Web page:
During our stay in Thailand we’ll use public transport several times which gives you a good chance to get involved in the day to day life of the Thais.

Tam Krasae trestle, © Hans Hufnagel

With the exception of breakfasts, we haven’t arranged any meals. It’s so simple to find good restaurants with tasty food to suit every taste, at least in Bangkok.

Charter buses and trains represent the standard of our host country, which may deviate from European or North American expectations. The itinerary is designed especially for photographers and video filmmakers.

Please keep in mind that the steam events in Thailand cannot be influenced by us. We’re taking part in one of the rare occasions that Thailand’s steam locomotives are used. You can’t charter them - we’ve tried already. Therefore we are not able to guarantee that any of the announced trains will run or will be steam hauled. You must remember that officials can cancel the event for any reason. When we see steam activities, they are by chance, not by arrangement.

In the unlikely case the birthday specials don’t run, we’ll offer tours with the different public transport systems in Bangkok (Skytrain, Airportlink, Metro), visits to the main station of Bangkok, visit to plinthed locomotives in Bangkok and along the death railway and time to explore the tourist highlights of Bangkok (there are quite a lot).

Hygienic and environmental standards in Thailand do not conform to European or North American expectations. Carrying some toiletries in your photo bag is hence advisable. Please bear in mind that transport in Thailand falls short of EU/US safety standards. Always use common sense when crossing roads and railway tracks. FarRail Tours cannot be held responsible and will not accept any liability whatsoever in the case of any accident or damage. We suggest you take out a comprehensive overseas accident and health insurance policy.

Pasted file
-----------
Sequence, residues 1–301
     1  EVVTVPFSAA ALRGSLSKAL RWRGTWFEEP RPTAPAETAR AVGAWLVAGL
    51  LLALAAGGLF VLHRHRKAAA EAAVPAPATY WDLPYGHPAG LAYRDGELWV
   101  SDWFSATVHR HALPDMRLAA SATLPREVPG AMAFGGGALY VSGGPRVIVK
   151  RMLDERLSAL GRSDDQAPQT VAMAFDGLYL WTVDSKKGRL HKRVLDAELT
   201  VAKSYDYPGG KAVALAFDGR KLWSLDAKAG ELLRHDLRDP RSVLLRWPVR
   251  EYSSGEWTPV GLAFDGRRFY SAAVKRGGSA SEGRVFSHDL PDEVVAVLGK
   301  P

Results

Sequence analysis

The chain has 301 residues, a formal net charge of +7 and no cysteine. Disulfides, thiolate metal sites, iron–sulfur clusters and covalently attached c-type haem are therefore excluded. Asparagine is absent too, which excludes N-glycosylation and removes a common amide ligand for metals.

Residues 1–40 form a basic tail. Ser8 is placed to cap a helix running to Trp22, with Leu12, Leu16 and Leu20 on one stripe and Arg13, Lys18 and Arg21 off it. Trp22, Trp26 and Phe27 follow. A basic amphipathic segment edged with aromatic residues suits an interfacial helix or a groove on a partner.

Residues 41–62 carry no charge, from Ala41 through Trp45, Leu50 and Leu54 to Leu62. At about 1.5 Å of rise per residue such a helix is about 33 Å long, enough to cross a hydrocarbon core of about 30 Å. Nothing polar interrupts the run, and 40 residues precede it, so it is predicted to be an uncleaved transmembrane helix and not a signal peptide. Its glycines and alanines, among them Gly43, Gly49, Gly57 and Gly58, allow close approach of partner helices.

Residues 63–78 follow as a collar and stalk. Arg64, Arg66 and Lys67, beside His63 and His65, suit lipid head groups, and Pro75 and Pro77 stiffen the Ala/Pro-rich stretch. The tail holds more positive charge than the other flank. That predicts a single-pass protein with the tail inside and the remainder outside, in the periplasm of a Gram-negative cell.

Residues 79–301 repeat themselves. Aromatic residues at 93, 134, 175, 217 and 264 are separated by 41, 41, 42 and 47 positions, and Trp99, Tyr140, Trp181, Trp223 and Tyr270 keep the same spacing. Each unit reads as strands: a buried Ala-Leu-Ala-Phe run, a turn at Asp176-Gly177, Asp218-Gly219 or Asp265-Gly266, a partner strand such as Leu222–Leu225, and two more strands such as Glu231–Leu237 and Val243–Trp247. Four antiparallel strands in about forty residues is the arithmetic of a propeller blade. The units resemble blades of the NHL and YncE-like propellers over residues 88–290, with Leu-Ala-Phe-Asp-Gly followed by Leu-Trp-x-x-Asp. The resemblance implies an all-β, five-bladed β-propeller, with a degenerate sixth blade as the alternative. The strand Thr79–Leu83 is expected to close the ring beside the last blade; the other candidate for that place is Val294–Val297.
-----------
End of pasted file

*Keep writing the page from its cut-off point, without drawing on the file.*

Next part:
King's Birthday Special Steam Trains 12 to 18 participants £495
01.12.2011 – 08.12.2011 5 to 11 participants £570
  Single room surcharge £135
Registration Deadline: 01.09.2011

The price includes:

Not included are:


As a service to our UK-based clients FarRail Tours accepts and will continue to accept payments made out in Pound Sterling until further notice. However, please note that all prices quoted in Pound Sterling are indicative only and are subject to change without prior notice. This measure was taken by FarRail Tours due to the unprecedented volatility in the international foreign exchange markets and its impact on the valuation of the Pound Sterling versus other major currencies, namely the Euro as FarRail Tours' accounting currency.

Temple in Bangkok, © Hans Hufnagel